Petrified Forest National Park
January 1, 2006


Petrified Forest National Park is an interesting place to visit, a lonely stretch of badlands and plains in the Arizona high country southeast of Holbrook. The park is essentially two parts: the southern part with the ancient stone trees lying about the crusty badlands, and the Painted Desert, a panorama of colorful countryside in the north segment of the park.

My first visit here was back in 1994 with some old college friends passing through. This visit was with Beth, and we made this our “New Years Getaway”. We drove up the day before and got a hotel room in Winslow at the Super-8. The two women running the place were Navajo, highly amused we had deliberately come here instead of somewhere more interesting. They both had dreams of some day going to Lake Havasu City. We mentioned that it was just a four-hour drive west along Interstate-40, and to just go for it. We hope they did. Us, we were one of very few people in the hotel. Our New Year’s celebration was fairly quiet.

On New Year’s Day we headed east toward the national park, entering it on its south end and stopping in at some souvenir places that specialize in polished stones and geodes. It’s bad mojo to pick up and take actual petrified wood from within the park, so this little place allows one to buy such items without upsetting the deities. Beth loves rocks and could easily spend the day in such a store. We picked up some geode bookends.

Once we had our legally-bought rocks, we drove north into the park and stopped at a few overlooks and one place where you can walk an asphalt-path through a dense collection of the petrified logs laying everywhere. These logs are interesting to view, and larger than expected. The whole area is very remote, the kind of place that best is described as “high lonesome”. Also, not many people actually come here. We had a fun time and some easy short nature walks.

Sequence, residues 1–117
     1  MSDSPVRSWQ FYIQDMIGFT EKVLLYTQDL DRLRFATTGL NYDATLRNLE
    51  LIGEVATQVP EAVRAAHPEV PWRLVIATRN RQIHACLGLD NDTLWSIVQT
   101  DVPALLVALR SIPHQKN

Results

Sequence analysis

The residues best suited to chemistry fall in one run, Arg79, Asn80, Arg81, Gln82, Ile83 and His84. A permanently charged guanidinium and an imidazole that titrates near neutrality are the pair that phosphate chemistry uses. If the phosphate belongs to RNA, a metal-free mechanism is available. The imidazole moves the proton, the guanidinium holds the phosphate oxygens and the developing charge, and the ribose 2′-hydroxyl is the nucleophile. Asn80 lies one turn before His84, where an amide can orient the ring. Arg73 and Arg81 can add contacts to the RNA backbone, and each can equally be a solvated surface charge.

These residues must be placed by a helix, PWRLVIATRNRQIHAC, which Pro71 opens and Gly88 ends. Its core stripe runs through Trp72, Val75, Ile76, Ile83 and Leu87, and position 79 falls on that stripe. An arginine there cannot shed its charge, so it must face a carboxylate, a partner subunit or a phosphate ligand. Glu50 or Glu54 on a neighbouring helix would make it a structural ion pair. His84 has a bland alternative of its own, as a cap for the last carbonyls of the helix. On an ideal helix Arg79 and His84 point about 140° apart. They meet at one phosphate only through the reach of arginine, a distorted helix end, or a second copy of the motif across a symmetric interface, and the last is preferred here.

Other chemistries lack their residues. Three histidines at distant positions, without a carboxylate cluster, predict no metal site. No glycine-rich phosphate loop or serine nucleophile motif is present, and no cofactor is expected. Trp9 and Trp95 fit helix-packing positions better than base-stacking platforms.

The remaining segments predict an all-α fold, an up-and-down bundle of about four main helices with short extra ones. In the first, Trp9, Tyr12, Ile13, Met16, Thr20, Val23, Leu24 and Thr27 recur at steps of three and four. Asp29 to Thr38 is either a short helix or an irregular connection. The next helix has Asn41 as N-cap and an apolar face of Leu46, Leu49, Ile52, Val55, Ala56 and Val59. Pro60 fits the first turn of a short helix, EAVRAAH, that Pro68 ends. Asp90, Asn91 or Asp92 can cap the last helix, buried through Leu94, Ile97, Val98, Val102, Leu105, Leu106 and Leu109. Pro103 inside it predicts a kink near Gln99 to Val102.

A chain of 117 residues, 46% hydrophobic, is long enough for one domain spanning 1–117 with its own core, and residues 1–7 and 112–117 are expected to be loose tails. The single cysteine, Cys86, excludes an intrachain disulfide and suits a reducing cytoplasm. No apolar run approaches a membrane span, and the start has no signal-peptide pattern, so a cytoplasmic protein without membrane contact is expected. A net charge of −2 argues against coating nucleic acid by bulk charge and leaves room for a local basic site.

Driving north we stopped at the overlook for the Painted Desert. The land below drops steeply into a valley, with an extensive network of badlands eroded into wild maze-like shapes, colors ranging from gray to red to green to tan to ochre to umber. A lonely mesa called Pilot Mountain is off in the distance, the highest point in the national park. But getting there looks like quite a long hike amid badlands. We stuck around about an hour before moving on. We also toured the visitor’s center, and overall spent about five hours within the park before driving back to Winslow.

Photos (Click to enlarge)

Petrefied logs

Me on the nature walk

More logs

Interesting fracturing


Pilot Peak

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(c) 2006, 2012 Scott Surgent. For entertainment purposes only.